Mifepristone, commonly called RU486 or the abortion pill, is a medication prescribed by a doctor or through an abortion clinic and used with misoprostol to terminate a pregnancy during its early stages. It is one of the two possible initial drugs used in medical abortions, the other one being Methotraxate, a chemotherapy drug. A non-surgical method of abortion, Mifepristone has been derided by pro-life groups as a convenient way for women and minor girls to hide their pregnancies from others. While the pro-choice lobby touts its safety and efficacy, deaths related to its use have led to demands for its removal.
Mifepristone works by blocking progesterone, a hormone that is needed during pregnancy, causing further development to stop. A follow-up pill called misoprostol is then used two days later, which causes the contractions by which the body goes into labor, expelling the fetus. To be effective the procedure must be done within the first 63 days.
After the second pill is taken the side effects kick in. Because part of the uterine lining is stripped as a result of these pills, bleeding and cramps - considered "normal" by abortionists - result, and last up to 16 days; often the bleeding is so heavy the individual must be taken back to the clinic or hospital for blood transfusions. Other pain, as well as nausea, vomiting, diarrhea, and headaches, occur as well.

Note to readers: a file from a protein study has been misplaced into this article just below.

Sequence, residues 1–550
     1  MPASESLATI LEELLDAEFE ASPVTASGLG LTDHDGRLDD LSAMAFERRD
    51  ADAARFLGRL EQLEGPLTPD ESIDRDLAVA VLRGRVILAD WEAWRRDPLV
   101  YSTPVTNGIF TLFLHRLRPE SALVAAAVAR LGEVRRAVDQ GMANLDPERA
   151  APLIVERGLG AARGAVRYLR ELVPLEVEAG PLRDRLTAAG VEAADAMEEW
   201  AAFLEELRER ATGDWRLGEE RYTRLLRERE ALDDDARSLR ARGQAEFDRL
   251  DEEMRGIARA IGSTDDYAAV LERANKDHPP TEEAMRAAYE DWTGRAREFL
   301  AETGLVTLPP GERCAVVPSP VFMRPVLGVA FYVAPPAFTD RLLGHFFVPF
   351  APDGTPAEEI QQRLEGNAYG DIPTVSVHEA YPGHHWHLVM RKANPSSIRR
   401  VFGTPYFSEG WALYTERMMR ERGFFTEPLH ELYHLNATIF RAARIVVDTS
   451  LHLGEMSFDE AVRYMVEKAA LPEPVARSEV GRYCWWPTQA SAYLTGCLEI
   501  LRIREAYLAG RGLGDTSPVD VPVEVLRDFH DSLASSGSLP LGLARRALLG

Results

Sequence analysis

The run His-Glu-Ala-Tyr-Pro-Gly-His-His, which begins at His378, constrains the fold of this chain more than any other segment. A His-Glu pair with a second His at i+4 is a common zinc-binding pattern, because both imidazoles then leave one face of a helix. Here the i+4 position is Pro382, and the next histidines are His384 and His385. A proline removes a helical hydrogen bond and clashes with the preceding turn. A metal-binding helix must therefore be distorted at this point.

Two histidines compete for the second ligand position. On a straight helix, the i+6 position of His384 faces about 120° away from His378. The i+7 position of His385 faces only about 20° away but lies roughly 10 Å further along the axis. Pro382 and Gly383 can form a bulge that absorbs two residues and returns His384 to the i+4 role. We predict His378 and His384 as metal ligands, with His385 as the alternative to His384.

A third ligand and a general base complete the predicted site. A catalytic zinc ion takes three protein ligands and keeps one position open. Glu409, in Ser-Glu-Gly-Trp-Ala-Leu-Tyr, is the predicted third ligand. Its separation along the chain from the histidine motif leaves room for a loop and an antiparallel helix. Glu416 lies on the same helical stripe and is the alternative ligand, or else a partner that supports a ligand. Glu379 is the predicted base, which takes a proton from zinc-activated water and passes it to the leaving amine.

One of the dangers of the procedure stems from the reliance on a second medication to empty the uterus. Failure of this medication will require that the uterus be emptied surgically to save the patient's life. As a result of the need for surgery, the number of potential side effects will increase as will the likelihood of fatalities.
In the early-1980s researchers at Roussel Uclaf in France were studying the ways and means of non-surgical abortions, which included antagonists to the progesterone and glucocorticoid receptors; after successful testings Mifepristone was licensed for use in France in 1988. It spread to other European nations beginning with the United Kingdom in 1992
Aware of the properties inherent within Mifepristone, it was banned from importation to the United States in 1989; later under the administration of Bill Clinton - with pressure from pro-abortion groups - the ban was reversed in 1993, and production of the pill was given to the Danco Group. Full approval for use was granted in September, 2000 by the U.S. Food and Drug Administration (FDA).
Serious infections and several deaths have resulted from the use of Mifepristone since 2000. Planned Parenthood, in a study of abortions made at their clinics between January 2005 and June 2008, determined that there were 92 serious infections requiring hospitalization, out of 227,823 women who had abortions ; in a story by the Associated Press there were at least seven women who had died from using it since 2000 .
A medical protocol (abortion pill reversal) is available for women who have taken mifepristone (utilizing large quantities of progesterone, an otherwise natural hormone which helps the developing baby and which is commonly prescribed for females who are or want to become pregnant but who's bodies don't manufacture enough naturally for a healthy pregnancy), but it must be taken within 72 hours and it cannot be used if the woman has taken misoprostol.